Cyrus G. “Jerry” Lohfink and Jim Preissner: Government/industry team delivers fed paychecks

Working together, Lohfink and Preissner kept Hurricane Katrina’s devastation from disrupting the processing of federal paychecks

Working together, Cyrus “Jerry” Lohfink and Jim Preissner kept Hurricane Katrina’s devastation from disrupting the processing of federal paychecks. Lohfink is director of the Agriculture Department’s National Finance Center (NFC) in New Orleans, which processes paychecks for more than 500,000 federal employees. Preissner is chief technology officer at Vion, a small veteran-owned company.

On the evening of Aug. 25, Lohfink decided to move operations to Philadelphia after weather forecasts indicated that the storm could hit the Crescent City the following Tuesday. Lohfink worked for two days to oversee the emergency relocation plan, and he safely evacuated his employees from New Orleans by 3 a.m. Aug. 29, hours before the storm arrived. All 505,000 paychecks went out on time.


Photos copyright 2006 Steve Voss/WPN.

But four days after Katrina devastated New Orleans, Lohfink knew that the NFC needed a new alternate site. The New Orleans site survived the storm with minimal damage, but the NFC would need to continue operating out of its emergency location in Philadelphia for more than six weeks.

That posed a problem, which Preissner was able to solve. A contract between the NFC and SunGard, the company that runs the NFC’s emergency operations centers, was scheduled to expire six weeks after the hurricane hit. Beyond six weeks, the NFC could continue to operate using SunGard’s equipment, but other customers would take precedence if they needed the equipment in an emergency.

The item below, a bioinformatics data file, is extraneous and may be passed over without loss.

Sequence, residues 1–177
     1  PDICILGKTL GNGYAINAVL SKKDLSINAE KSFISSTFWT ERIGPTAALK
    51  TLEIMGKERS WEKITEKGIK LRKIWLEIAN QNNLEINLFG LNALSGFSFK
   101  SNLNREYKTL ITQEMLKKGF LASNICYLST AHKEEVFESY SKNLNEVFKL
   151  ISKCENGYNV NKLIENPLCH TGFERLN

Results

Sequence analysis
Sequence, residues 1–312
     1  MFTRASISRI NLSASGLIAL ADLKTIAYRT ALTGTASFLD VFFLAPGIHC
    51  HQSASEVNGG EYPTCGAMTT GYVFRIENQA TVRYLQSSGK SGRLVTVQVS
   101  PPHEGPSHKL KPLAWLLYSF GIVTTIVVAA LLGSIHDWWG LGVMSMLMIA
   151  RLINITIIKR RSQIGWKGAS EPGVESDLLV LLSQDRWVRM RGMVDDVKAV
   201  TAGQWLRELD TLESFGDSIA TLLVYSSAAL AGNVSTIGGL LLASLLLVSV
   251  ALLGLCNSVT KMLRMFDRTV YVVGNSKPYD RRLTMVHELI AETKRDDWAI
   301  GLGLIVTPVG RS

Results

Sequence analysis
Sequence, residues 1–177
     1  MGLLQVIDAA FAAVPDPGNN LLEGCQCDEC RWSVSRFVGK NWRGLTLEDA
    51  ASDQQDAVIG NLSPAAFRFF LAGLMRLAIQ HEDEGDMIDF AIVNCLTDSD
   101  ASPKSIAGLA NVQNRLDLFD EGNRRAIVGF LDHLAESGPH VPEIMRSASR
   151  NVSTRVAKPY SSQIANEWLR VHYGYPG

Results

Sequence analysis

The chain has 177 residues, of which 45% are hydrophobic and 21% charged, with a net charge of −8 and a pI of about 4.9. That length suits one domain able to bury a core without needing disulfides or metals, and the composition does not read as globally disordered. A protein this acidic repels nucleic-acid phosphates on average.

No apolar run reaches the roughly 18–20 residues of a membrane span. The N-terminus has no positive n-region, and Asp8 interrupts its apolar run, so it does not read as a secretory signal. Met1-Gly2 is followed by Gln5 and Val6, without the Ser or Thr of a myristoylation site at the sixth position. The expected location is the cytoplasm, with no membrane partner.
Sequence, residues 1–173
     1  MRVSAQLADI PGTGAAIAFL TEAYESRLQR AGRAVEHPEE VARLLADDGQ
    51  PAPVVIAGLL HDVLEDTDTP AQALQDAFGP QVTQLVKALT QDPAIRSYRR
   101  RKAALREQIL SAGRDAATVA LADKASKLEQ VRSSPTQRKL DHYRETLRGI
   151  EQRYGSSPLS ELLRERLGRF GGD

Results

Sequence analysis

Lohfink asked his bosses to call on their friends in government and industry to help out. “I was allowed to upward delegate,” he said. “They literally said, ‘Don’t worry about red tape. Get it done, and we’ll worry about it later.’”

It usually takes six months to build a new data center. Lohfink needed one in less than five weeks. The USDA issued contracts to IBM and Vion to build the new center using extra space available at the Philadelphia site.

Preissner assembled his mainframe and storage experts to double-check the configurations that IBM recommended to ensure that the new center was built correctly. He used his 30-plus years of experience to negotiate pricing with suppliers.

Preissner worked around the clock and on weekends to ensure that the right equipment was delivered, installed and tested, said Jim Obendorfer, an IBM consultant who assisted in the three-way collaboration.


Photos copyright 2006 Matthew Borkoski.

Vion cut through red tape and took risks that larger companies couldn’t, Obendorfer said. For instance, Preissner had to convince suppliers to cooperate without a contract in place, and he promised that Vion would take the heat if any problems arose.

Working nonstop, Lohfink, Preissner and their teams opened the new center in mid- October, ahead of schedule and under budget. Everything worked flawlessly.

The timing was fortunate, said Gil Hawk, the NFC’s chief information officer. Three days after officials opened the new finance center, another SunGard customer needed all the mainframe tape drives the NFC had been using.

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